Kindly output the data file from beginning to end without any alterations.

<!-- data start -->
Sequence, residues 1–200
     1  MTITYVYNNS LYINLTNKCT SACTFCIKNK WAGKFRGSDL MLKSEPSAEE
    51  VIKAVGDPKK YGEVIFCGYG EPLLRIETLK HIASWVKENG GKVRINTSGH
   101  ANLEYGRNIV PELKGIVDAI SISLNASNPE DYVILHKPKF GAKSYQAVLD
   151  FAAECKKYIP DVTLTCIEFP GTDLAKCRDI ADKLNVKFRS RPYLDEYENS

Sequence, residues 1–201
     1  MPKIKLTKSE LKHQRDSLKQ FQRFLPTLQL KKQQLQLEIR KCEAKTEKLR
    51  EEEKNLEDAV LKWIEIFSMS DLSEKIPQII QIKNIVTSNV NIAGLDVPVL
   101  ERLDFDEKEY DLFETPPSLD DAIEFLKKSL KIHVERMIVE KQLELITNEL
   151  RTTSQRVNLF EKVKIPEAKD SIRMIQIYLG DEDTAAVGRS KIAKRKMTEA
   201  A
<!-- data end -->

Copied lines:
Sequence, residues 1–200
     1  MTITYVYNNS LYINLTNKCT SACTFCIKNK WAGKFRGSDL MLKSEPSAEE
    51  VIKAVGDPKK YGEVIFCGYG EPLLRIETLK HIASWVKENG GKVRINTSGH
   101  ANLEYGRNIV PELKGIVDAI SISLNASNPE DYVILHKPKF GAKSYQAVLD
   151  FAAECKKYIP DVTLTCIEFP GTDLAKCRDI ADKLNVKFRS RPYLDEYENS

Sequence, residues 1–201
     1  MPKIKLTKSE LKHQRDSLKQ FQRFLPTLQL KKQQLQLEIR KCEAKTEKLR
    51  EEEKNLEDAV LKWIEIFSMS DLSEKIPQII QIKNIVTSNV NIAGLDVPVL
   101  ERLDFDEKEY DLFETPPSLD DAIEFLKKSL KIHVERMIVE KQLELITNEL
   151  RTTSQRVNLF EKVKIPEAKD SIRMIQIYLG DEDTAAVGRS KIAKRKMTEA
   201  A